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Zoning laws usually vary from county to county, and in the most popular RVing state, there is no shortage of an abundant number of confusing RV zoning codes.

Whether you want to travel through Florida, are considering living there full time, or just want to use it as your home state for paperwork reasons, you’ll need to familiarize yourself with some basic zoning laws regarding RVs.

Florida has a huge RV culture and plenty of laws regarding them depending on the county. In general, expect to stay at paid campsites and park within designated areas. The state also has some of the best laws for RV inspection and taxes, making it a popular domicile.

If you plan to live year-round in your RV in Florida, you may have to prepare more than many other states because of the number of regulations in place to keep up with the heavy RV traffic. Below I’ll go over details that will help you whether you plan to keep your RV on your own property, move between campsites, or are searching for boondocking sites.

Zoning codes are confusing legal texts sandwiched between countless other unrelated ones on government websites. To help save you time I have done the digging for you to provide an overview of what you can expect from RV life in Florida.  



Can You Live In an RV in Florida

Florida is actually the most popular state to RV in and has the most RV-based infrastructure in the United States. The RV culture there is rich and dense, with sites available to stay at in every vacation spot you can think of.

While it may sound great to find a state that is so deeply invested in RV culture, a lot of infrastructure and traffic also mean a lot of regulations. Florida has strict and detailed zoning codes in every county pertaining to RV parks and RV living.

One disadvantage of Florida’s RV scene is that almost nothing will be available for free. On the west coast and throughout the Pacific Northwest states boondocking on land controlled by the Bureau of Land Management is a free and abundant option. In Florida, expect to stick to paid RV sites even if they are on BLM land.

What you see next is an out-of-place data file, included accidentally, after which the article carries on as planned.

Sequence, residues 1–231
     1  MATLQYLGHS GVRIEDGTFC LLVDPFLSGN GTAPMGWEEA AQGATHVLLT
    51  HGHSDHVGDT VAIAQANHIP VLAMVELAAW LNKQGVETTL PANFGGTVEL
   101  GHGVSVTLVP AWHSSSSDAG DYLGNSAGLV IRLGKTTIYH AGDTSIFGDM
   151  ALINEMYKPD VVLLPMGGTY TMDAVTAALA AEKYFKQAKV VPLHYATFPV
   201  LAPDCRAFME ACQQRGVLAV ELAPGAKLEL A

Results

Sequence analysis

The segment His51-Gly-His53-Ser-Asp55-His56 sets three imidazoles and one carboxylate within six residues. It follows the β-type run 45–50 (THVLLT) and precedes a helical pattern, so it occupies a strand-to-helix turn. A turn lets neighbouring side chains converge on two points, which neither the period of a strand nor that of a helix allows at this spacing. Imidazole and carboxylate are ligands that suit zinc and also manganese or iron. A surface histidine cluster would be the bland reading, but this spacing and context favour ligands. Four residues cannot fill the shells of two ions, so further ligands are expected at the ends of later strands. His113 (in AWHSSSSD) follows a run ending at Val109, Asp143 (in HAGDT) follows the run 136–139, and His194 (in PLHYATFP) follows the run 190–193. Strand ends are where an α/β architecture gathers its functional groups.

While you absolutely can live in an RV in the state of Florida, it might be one of the worst states to do so in if you do not prefer paid RV campsites. Some States offer a wide infrastructure surrounding their free camping in dispersed areas, but Florida sees too much Rv traffic to offer a lot for free.

Advantages of Choosing Florida for your Home State for Full Time RV Life

Why Do So Many People Use Florida As Their Home State for RV Life

Florida is a very popular state to choose as your home state for many full-time RVers, along with Texas. The reason for this is that Florida has many laws that are advantageous to RV owners.

In Florida RVs do not require an annual inspection to continue being used. This means that if you plan to be away from the state for more than one year you will not have to return to dot T’s and cross I’s on your RV paperwork.

Florida also offers monetary savings to RV owners. There are no annual vehicle taxes on RVs in the state, making it a popular choice for registration.

Does Florida Have A Lot of RV Sites

Florida is packed full of RV sites to accommodate the huge number of people traveling there. Most RV sites in Florida also take advantage of the State’s weather by staying open year round.